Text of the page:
Necessarily, government actions must integrate environmental sanitation into this alternative health framework. Even the term environmental sanitation itself has to be seriously revised and reconsidered within these efforts. If we take a close examination of this term, it refers to a reactive emphasis: “to sanitize what is already polluted.” However, authorities, personnel, educators and the general public should talk about the creation of healthy environments because the emphasis necessarily shifts to proactive conditions such as pollution and disease prevention, usage of clean technologies, environmental-friendly behaviors, and individual and social engagement. Basically, the underlying idea to consider is that repairing is not the same as preventing.
Findings at the community level: Environmental awareness lead to a sustainable development path
Beyond the merely idea of being compliant to environmental standards, there is the path of recognizing the embedded opportunities of developing a holistic awareness. Some communities start to visualize their own way to reach the desired goals, a determined place in a development path, and several business opportunities behind the idea of environmental sustainability. A good example of these types of communities is site 1, which faces the challenge of developing its own local initiatives in order to overcome the idea of immediate urgency by visualizing a road map for future sustainable developing programs.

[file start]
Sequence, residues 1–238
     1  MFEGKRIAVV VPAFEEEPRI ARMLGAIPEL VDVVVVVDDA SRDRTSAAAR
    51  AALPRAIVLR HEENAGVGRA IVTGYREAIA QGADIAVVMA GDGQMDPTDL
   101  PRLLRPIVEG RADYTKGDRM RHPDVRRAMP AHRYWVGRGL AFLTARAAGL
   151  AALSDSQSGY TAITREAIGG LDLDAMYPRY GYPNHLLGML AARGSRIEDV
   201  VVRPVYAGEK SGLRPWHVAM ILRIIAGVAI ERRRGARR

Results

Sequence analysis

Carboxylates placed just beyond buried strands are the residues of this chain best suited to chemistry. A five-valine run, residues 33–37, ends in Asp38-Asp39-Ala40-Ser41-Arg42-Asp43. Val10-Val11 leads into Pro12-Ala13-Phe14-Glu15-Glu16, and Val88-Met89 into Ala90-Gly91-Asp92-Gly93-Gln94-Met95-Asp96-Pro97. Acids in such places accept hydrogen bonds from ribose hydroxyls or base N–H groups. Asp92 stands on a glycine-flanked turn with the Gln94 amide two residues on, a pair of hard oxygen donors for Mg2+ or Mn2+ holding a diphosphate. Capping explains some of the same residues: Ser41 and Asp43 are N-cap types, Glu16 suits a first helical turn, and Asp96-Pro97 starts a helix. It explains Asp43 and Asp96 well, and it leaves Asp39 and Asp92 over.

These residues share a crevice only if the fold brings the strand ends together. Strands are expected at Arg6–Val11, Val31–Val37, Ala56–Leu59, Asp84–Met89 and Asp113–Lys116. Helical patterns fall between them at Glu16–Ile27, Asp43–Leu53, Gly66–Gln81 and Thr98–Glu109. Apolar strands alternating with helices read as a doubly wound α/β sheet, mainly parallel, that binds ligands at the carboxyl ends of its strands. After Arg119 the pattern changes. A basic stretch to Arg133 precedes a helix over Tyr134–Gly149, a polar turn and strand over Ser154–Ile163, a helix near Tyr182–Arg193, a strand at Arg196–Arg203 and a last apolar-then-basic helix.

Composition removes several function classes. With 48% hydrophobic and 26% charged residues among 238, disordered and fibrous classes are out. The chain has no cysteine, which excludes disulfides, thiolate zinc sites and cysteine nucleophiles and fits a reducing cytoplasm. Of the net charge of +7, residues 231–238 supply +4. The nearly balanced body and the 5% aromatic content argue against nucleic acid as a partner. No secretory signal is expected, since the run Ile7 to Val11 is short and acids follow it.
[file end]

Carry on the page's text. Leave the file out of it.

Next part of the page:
Site 1 is a rural community privileged by its great diversity of natural resources; it has countless rivers and springs that supply drinking water to more than 20 localities, forest landscapes, volcanoes, and flora and fauna that make biodiversity its main capital and resource for a developmental perspective. Although, this community does not hold the status of a national park area, it does belong to a protected area officially called Arenal Tempisque, specifically located in the Corredor Biológico Tenorio Miravalles (CBTM). The CBTM was a local initiative with the aim of identifying home-grown socio-economic activities and practices more aligned with the conservation and protection of the environment, which in turn can lead to a more sustainable path. One of the main interests for conservation is to protect water sources for human consumption. Specifically, nine water sources are being protected; these sources supply around 15,000 families, mostly low-income families, in the community (Calvo, 2014).
The second main interest of this local initiative was to visualize feasible options for eco-tourism. In this matter, a particular locality is ahead of this process and hosts an important number of tourism companies, which have understood that by exercising ecological practices a proportional sustainable benefit can be achieved. One example is the emergence of agro-tourism type of lodge: the tourist not only goes there for a leisure purpose, but also to get involved in the daily practices of running a productive farm. Because the business run is based within the protected ecological area, the farmer (owner) is committed to respect and protect the environment.